• 7 After consideration of the case law in Illinois awarding damages in replevin actions, we conclude the trial court adopted the incorrect criterion for measuring damages in this replevin action. Instead of allowing a party who has been without his property to recover damages for loss of its possession without regard to whether the property would in fact have been used — as the court did here — the better rule is to require the injured party to establish by competent evidence the use to which the property would have been put had it remained in his possession. In the case at bar, for example, if Helland predicates his claim for damages on the assumption that he would have rented the equipment he must introduce testimony concerning the period of time he would have sought to rent the equipment and testimony that a rental market for the equipment existed during the period of the detention. Helland correctly argues that he need not have rented a substitute tractor and discs to warrant recovery for loss of use. Alternative, if Helland predicates his claim for damages on his anticipated use of the equipment in his own farming operations, he must demonstrate the time periods during which he would have used the replevied property and must establish that he was unable to perform the work with equipment which he already had on his land during the relevant period. We reject the proposition that Helland was entitled to substantial damages merely because he lost the enjoyment of having the tractors and disc in his possession especially where, as here, IHCC obtained possession of the property under court authority.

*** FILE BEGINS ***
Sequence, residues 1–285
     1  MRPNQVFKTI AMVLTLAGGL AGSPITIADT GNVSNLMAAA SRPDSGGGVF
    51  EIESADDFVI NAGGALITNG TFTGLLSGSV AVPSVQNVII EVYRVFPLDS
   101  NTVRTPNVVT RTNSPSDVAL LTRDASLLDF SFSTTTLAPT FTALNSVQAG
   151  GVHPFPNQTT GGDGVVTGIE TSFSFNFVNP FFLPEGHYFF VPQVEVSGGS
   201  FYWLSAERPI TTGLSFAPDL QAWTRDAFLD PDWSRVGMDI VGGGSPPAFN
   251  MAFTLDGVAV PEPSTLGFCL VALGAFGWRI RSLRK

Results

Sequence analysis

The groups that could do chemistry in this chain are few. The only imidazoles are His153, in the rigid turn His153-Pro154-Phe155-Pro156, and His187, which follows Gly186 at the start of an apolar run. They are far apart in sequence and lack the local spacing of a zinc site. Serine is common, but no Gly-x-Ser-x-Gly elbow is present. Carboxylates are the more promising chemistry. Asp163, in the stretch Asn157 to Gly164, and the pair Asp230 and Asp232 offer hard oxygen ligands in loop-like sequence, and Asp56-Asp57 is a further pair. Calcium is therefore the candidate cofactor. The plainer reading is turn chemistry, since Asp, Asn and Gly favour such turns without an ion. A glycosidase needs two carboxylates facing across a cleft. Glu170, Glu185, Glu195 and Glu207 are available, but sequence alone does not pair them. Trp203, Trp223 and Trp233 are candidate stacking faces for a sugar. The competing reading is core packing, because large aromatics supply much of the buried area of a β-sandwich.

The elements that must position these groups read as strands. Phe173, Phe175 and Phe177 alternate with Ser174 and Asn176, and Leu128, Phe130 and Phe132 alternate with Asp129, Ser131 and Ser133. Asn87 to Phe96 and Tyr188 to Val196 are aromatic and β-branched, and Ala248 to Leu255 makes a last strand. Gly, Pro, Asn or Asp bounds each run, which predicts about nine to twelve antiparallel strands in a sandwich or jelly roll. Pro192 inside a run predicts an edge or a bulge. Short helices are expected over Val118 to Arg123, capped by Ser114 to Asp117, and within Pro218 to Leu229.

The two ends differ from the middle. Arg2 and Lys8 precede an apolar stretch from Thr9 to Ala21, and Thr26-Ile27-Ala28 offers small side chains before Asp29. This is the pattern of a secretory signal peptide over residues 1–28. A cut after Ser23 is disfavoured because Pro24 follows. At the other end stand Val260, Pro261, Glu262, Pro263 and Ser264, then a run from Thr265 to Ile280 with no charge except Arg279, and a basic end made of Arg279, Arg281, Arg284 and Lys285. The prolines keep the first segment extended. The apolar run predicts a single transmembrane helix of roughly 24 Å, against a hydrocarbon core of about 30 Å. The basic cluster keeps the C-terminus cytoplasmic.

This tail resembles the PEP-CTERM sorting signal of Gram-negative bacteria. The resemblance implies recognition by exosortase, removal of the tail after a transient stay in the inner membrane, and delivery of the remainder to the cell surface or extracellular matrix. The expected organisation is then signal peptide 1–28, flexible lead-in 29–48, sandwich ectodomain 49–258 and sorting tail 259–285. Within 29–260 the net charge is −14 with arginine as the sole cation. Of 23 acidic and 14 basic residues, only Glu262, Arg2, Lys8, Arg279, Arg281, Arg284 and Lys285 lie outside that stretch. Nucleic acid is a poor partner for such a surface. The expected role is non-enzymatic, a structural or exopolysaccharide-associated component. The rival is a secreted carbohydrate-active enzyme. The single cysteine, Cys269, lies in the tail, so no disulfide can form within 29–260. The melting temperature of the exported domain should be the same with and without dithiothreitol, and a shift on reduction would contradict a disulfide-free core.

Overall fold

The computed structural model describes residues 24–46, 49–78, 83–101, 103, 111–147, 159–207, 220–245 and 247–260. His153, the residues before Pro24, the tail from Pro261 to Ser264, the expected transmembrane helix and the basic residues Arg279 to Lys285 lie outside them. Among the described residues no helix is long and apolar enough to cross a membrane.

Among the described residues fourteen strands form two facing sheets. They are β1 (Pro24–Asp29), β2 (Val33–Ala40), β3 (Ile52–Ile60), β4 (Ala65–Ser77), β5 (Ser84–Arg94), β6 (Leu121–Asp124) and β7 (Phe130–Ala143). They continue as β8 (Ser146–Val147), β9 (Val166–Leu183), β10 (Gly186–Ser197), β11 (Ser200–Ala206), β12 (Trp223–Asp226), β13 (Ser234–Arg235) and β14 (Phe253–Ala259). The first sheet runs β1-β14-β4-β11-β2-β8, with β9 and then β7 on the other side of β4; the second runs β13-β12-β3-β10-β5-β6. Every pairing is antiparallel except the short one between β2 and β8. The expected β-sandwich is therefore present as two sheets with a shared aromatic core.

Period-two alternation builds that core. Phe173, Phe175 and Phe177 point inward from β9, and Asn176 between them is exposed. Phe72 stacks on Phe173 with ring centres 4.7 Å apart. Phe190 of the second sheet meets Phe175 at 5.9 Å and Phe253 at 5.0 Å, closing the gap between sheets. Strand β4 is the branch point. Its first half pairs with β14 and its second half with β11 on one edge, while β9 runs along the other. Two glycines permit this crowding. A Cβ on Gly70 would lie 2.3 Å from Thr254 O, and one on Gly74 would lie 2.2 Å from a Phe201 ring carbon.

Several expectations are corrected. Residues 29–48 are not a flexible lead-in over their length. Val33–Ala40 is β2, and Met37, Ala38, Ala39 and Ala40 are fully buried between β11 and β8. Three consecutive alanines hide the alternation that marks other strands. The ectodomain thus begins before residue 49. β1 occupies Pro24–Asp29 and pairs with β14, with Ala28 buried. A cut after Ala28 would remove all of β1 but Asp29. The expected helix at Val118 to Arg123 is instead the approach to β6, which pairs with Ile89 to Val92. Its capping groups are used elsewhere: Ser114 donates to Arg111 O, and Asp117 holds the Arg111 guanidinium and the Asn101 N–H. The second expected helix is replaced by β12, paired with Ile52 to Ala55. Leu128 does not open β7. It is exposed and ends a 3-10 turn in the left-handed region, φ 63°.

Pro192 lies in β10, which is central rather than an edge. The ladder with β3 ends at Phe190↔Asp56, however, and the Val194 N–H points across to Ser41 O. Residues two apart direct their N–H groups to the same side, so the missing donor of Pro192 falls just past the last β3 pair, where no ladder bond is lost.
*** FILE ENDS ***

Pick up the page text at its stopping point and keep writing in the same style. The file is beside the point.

The record developed at the hearing on damages does not contain such evidence. Helland offered no specific testimony regarding the anticipated use of the equipment. On cross-examination, he testified there was a possibility that he would use the tractors and the disc himself and acknowledged he could either use the equipment or sell it. Helland did not testify that he was considering renting the equipment. In his deposition testimony read at the damages hearing, Helland testified that he intended to retain the tractors and disc for his own use.

While the court's damage award is structured as a constant monthly amount for 26 months, the record contained evidence that Helland as a grain farmer would only use a tractor an average of six months of the year and a disc only four months of the year. While Helland's witness offered testimony regarding a monthly rental value for the tractors, no testimony was offered regarding the monthly rental value of the disc. Instead, Helland's witness only testified that the disc's rental value would be similar to that of a plow because a disc is "kind of similar to a plow."

Helland offered no testimony regarding what his specific needs for the tractors and disc would have been in his own farming operations over the relevant time period that IHCC had possession of the property. Helland admitted that in 1983, he put 1,500 of his 2,000 acres into the PIK program, which would have greatly diminished the need to use farm equipment on his property. Moreover, Helland testified in his deposition, which was read at the hearing on damages, that he had seven or eight tractors that he used for his own farming. Also, Helland admitted that as a dealer in new and used farm equipment, he always had some tractors and discs in stock.

• 8 As this review of the evidence establishes, the trial court's award of $142,230 predicated on a constant monthly amount for 26 months is against the manifest weight of the evidence. Since we reject the trial court's theory that Helland was entitled to damages merely for his loss of possession of the equipment without regard to use and because the evidence adduced is insufficient to support the damage award on the basis of Helland's loss of use of the equipment, we reverse the judgment of the circuit court of Kendall County and remand this cause for a new trial on damages.

Affirmed in part, reversed in part and remanded.

HOPF and UNVERZAGT, JJ., concur.